The truth is there is not a lot there in terms of civilization. The thing that is there is trees. Many, many trees. The town I lived in is called Eureka, located on the coast 270 miles north of San Francisco. Today people flock from all over the world to see the gorgeous, gigantic redwoods that grow there. Those trees are what drew people there originally, but not to marvel at them. To cut them down.
Growing up there I had a vague notion of the fact that the area was built on the work of loggers.
Starting in the mid-1800s, men began trekking into the forest with their saws and machines, chopping down the trees and shipping the wood off to factories where it was turned into lumber that built the beautiful city of San Francisco, among others.
What I experienced in 1980s Eureka was the much-reduced version of the area’s logging industry. Starting in the 1950s, the trade was on the decline largely due to over-harvesting of the trees (the same can be said of the area’s fishing). What I heard about was the shuttered sawmills and the out-of-work loggers.
That was fine with me. I loved to ride my bike on hilly trails through the thick expanses of trees.
Sometimes I would pretend I was Luke Skywalker battling Darth Vader’s forces just like in the movie “Return of the Jedi,” a portion of which was filmed just an hour or so north of where I lived (remember the Ewoks?). In the fall when the giant trees would drop mounds of leaves like snow, my friends and I would gather them up and build forts with them around the trees’ trunks.
My family moved away when I started high school and I was unable to return to the area until a decade later. When I drove there, I took Highway 299 through Trinity National Forest. As the road made its way through the gorgeous green mountains, I caught my first glimpse of the great swaths of land that had been clear cut. It was like a giant hand had come out of the sky and cleanly ripped away a strip of Earth. As I continued, I saw several lumber yards where the trees were stored until they could be processed.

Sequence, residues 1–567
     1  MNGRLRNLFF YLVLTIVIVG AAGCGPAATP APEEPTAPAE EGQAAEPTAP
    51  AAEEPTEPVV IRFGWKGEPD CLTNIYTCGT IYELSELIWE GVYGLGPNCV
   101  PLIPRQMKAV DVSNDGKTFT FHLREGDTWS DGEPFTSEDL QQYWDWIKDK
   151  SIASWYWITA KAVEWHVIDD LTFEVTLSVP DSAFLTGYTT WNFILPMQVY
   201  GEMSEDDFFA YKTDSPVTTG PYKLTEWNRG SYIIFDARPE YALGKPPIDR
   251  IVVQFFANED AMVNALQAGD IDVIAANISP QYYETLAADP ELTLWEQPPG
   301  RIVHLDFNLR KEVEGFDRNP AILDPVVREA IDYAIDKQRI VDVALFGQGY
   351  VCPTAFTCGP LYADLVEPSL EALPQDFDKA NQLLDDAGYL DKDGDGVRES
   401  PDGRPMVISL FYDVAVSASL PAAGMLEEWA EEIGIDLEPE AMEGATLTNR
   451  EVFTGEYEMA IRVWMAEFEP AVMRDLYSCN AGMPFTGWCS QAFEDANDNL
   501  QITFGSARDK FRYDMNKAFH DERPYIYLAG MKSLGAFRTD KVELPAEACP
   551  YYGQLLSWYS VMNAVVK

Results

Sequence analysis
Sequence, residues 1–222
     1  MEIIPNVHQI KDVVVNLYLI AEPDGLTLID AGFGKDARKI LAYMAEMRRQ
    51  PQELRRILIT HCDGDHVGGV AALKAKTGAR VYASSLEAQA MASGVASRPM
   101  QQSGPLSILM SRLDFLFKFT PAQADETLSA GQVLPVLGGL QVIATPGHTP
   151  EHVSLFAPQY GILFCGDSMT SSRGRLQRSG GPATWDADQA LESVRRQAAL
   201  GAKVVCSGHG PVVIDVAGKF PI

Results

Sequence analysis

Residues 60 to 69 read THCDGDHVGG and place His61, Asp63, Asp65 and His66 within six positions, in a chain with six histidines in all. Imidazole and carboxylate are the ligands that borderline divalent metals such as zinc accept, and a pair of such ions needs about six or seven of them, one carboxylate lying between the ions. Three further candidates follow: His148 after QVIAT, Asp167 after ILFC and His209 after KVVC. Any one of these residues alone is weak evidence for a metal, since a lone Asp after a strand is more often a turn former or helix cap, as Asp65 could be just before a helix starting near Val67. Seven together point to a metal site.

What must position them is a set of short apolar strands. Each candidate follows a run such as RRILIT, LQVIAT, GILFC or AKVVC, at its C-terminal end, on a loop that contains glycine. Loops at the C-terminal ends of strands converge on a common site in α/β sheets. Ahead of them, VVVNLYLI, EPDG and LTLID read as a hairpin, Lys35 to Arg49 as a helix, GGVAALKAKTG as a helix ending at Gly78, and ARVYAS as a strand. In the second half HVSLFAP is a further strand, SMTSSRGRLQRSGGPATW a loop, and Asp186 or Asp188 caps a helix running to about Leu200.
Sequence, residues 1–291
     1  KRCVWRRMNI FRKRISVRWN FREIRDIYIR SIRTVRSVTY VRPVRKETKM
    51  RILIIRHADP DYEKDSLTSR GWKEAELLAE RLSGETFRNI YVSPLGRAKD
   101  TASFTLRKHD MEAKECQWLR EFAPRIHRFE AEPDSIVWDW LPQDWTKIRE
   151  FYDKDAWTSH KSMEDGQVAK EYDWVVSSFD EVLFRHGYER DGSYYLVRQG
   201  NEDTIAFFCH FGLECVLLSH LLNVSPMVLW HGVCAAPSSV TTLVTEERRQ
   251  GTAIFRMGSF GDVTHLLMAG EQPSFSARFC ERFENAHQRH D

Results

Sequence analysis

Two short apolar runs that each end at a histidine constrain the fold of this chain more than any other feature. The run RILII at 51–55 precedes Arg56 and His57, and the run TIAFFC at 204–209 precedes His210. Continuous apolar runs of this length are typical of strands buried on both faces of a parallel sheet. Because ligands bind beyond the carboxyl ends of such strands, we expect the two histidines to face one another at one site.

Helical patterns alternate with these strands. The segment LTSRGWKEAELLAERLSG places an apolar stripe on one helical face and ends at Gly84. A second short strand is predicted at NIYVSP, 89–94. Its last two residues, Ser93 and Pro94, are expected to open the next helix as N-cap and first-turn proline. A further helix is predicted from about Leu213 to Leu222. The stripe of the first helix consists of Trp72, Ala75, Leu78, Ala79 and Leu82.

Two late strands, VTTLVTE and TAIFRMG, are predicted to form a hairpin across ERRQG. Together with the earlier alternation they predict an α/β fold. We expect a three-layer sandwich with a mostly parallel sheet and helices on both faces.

This was what I had heard about as a child but never really seen. I am glad about that, as I don’t know if my young eyes would have understood it. Seeing this as an adult I am able to be horrified but understand what I am seeing. I know the wood that built my lovely home had to come from somewhere. Nonetheless, I still am concerned that the harvesting of the trees needs to be done responsibly and sustainably.
For many years,
conservation groups have battled with Sierra Pacific, the major lumber company in the Northern California region. The issue goes well beyond beauty: Damage to the environment, wildlife and entire ecosystems is caused by clear cutting, according to these groups. According to a blog on the Los Angeles Times website, in late January 2010 the Center for Biological Diversity, a Tucson, Ariz.-based environmental group, filed lawsuits against the California Department of Forestry in seven California counties to halt logging plans for 5,000 acres across the Sierra Nevada and Cascade regions. The basis of the suit was that clear cutting contributes to global warming. I was unable to find out what happened with the lawsuit, but it is my understanding that clear cutting is still taking place in forests not too far from here.
Now that I have come back to the region where trees and nature are a major attraction, I again feel the bond with the trees I had as a child. The science behind the issue concerns me, but it is easy to understand that our forests need protecting just by gazing at their simple beauty.
Though I haven’t visited them as much as I’d like, now that my girlfriend’s convertible Jeep is up and running I plan to take some drives under the canopy of trees and breathing them in.
People will never stop cutting down trees. As long as there is a use for them, we will harvest them. I just hope we can figure out a way to do it that will enable future generations of children to build forts like I did.
Now, if you’ll excuse me, I want to go find my old light sabre.
Nathan Orme is the editor of the Sparks Tribune. He can be reached at email@example.com.